Another valuable metric that Hurley has researched is the “time to first fixation,” which measures how long it takes for consumers to first view a package. Hurley explains that this data can help a brand understand what initially draws consumers to a package, such as whether it’s a brand’s initial messaging, or if it’s the information surrounding a product’s benefits and features.
But Hurley says a third metric, “total fixation duration,” is often the best indication of how well a product will sell. Hurley explains that the best designed packages that utilize data to inform their design hierarchies often result in obtaining consumers’ attention for longer periods of time, within the context of the product category. According to research conducted at the CUshop, this metric is exceptionally useful in determining if a product will be purchased.
“We’ve run linear regression analysis of our attention data and it’s 85% correlated with actual market sales,” Hurley says. “So, the amount of time shoppers spend looking at an individual package is related to its sales viability.”
While the value that can be derived from the data emerging from the CUshop has obvious benefits for brand owners and packaging designers, Hurley explains package printers and converters can also benefit from exploring the consumer trends that eye-tracking reveals.
From a package design standpoint, he says many of the latest innovations stem from packaging suppliers. Because printers and converters have in-depth knowledge of their consumables, substrates and printing processes, they know what can feasibly be created in their facilities. Adding additional understanding of consumer trends and behaviors to a packaging manufacturer’s arsenal can make them an even more attractive partner to a brand owner customer.
“Brands every day are dropping creative teams and agency contracts,” Hurley says. “They are pushing creative and innovation research onto their packaging suppliers as this is one of the few, if not the only, mediums brands are able to modify to engage and delight consumers. If you want to be a top-tier supplier, you need to bring innovation to the table.”
From a technological standpoint, the rising use of digital printing in packaging has allowed brands to increase their SKU counts, as cost-effective printing of short runs has provided the ability for brands to expand their product lines.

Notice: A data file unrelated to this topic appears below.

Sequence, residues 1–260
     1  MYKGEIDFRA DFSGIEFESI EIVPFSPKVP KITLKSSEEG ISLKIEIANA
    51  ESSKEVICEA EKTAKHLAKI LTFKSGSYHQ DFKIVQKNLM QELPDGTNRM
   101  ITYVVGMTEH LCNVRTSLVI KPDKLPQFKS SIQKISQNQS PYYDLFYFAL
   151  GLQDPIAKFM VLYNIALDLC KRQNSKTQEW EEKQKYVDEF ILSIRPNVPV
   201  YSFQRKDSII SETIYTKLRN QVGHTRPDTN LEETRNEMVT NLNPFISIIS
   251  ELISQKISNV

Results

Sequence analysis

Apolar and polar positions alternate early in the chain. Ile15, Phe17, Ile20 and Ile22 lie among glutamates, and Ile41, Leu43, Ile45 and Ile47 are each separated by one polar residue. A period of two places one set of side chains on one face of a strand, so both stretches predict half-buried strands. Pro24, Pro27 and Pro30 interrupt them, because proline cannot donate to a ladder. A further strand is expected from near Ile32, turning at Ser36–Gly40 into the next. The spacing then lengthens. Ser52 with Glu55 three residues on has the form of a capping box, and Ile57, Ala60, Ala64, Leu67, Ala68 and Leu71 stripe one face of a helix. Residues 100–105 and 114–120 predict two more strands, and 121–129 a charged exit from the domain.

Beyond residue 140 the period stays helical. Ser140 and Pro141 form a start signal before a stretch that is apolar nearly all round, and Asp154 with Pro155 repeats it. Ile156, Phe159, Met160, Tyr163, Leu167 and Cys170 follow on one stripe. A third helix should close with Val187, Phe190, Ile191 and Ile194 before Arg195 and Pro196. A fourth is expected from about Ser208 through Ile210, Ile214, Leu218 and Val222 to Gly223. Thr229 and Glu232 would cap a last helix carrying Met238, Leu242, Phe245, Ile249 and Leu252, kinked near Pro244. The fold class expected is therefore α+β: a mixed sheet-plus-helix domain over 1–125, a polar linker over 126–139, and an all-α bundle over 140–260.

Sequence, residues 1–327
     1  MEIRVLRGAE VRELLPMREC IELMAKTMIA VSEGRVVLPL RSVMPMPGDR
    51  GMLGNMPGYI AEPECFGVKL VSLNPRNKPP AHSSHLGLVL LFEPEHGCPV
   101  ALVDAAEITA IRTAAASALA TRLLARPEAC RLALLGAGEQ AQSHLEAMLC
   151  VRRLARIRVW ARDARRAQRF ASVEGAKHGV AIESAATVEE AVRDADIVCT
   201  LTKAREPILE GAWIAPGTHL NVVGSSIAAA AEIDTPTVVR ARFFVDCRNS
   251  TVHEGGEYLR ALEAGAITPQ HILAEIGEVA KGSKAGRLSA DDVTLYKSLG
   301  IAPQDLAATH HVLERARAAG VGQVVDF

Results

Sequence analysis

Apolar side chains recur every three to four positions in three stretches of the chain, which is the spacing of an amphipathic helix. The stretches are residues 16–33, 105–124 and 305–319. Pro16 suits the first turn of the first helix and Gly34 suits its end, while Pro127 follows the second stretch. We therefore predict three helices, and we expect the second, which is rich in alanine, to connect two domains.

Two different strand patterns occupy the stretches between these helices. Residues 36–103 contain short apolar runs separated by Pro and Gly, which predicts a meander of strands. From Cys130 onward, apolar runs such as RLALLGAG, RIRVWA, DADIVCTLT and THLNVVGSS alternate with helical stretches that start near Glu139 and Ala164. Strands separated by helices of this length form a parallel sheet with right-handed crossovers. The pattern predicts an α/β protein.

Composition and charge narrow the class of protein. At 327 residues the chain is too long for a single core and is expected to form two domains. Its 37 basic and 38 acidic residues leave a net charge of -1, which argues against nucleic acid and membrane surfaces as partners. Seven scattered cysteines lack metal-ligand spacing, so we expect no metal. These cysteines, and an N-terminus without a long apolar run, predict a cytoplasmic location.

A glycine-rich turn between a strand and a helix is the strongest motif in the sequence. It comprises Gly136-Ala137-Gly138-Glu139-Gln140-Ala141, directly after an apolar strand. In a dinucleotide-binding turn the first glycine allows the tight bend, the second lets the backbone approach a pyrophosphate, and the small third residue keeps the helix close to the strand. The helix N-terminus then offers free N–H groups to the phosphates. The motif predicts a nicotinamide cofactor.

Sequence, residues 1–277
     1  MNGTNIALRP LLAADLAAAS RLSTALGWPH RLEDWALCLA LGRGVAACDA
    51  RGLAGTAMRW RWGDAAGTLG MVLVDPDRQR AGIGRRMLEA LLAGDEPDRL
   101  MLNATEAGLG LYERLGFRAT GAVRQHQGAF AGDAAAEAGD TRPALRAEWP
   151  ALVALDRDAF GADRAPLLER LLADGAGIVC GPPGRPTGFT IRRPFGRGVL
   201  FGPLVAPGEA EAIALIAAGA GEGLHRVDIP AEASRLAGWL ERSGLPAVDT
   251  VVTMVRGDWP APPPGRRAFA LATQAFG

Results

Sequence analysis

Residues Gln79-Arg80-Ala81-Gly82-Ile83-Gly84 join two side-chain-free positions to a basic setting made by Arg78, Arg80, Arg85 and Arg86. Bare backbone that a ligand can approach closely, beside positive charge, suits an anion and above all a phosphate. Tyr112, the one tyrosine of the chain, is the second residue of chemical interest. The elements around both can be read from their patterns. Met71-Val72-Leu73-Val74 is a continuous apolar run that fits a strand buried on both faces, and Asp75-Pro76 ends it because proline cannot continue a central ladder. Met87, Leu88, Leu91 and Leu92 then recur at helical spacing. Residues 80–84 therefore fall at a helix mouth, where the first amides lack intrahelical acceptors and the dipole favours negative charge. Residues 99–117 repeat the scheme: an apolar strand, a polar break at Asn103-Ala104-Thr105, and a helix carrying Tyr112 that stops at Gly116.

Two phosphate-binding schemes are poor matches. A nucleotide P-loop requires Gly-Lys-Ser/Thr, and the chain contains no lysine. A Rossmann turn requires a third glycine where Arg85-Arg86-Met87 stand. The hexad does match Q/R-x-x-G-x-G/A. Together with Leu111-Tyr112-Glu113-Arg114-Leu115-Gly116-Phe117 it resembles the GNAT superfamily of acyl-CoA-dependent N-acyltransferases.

Cullen says that two key consumer trends for brands to be aware of are the desires for convenience and having a variety of options to choose from, which can require a balanced approach to packaging. She explains that while consumers don’t want to feel intimidated by the number of products on shelf, there is value in providing the element of surprise to a consumer through new offerings. Of particular importance, she says, is ensuring that if a consumer does have a question about a product, that they can easily find an answer to it. Incorporating a highly informative packaging design can help guide consumers to their purchase decision.
“I think it’s critical for it not to be overwhelming for people,” Cullen says. “But people do want to be surprised, so there’s definitely that balance.”
The Ecommerce Equation
As online shopping continues to cut into the retail market share of brick and mortar outlets, Lindner explains the role of packaging has undergone a transition, due to the inherent differences ecommerce provides. Specifically, he explains that the aesthetics of packaging become secondary to how well a package protects a product.
For example, Lindner details that data he has collected shows that slightly more than 10% of online beauty product consumers add a product to the cart because the packaging appeals to them. In the food and beverage market, that number is only slightly higher, at around 20%.
With the combination of graphic design of packaging having less impact on consumers shopping online, and the increased risk of damage to a product as it passes through ecommerce channels, Lindner explains that structural integrity becomes the packaging design attribute that best adheres to consumers’ needs.
“Packaging in ecommerce has to be designed to withstand a ton of potential abuse,” Lindner says. “What I mean by that is by the time a product is made to when it gets to the consumer’s home, it’s getting touched by somewhere around two dozen or more people. … It’s got to be durable and it’s got to keep everything in one piece.”
While durability of packaging is essential to ensuring products arrive at consumers’ homes intact, packaging manufacturers can also leverage their sustainability attributes to help a brand tell a positive story for their consumers. Lindner explains that consumers always want to discover more information about the products and brands they are investing in.
Since consumers are increasingly interested in supporting brands that value sustainability practices, he explains brands that share the story of their environmentally-friendly packaging on their websites, or even on the packaging itself can be highly beneficial.
“Online shoppers are always looking for more information,” Lindner says. “They want to know about a product’s origins, they want product images and videos. For retailers and brands, it costs nothing really to have a section that says, ‘We only use eco-friendly packaging,’ or ‘Here are some recycling centers near you where you can take your packaging if you want to recycle it.’”
Though consumer behaviors are constantly evolving and the way they react to packaging can vary, package printers that understand the latest consumer trends and data will be in the best position to help their brand owner customers.
“Instead of going with a gut feel on something, leverage data to make a decision at that high level,” Hurley says.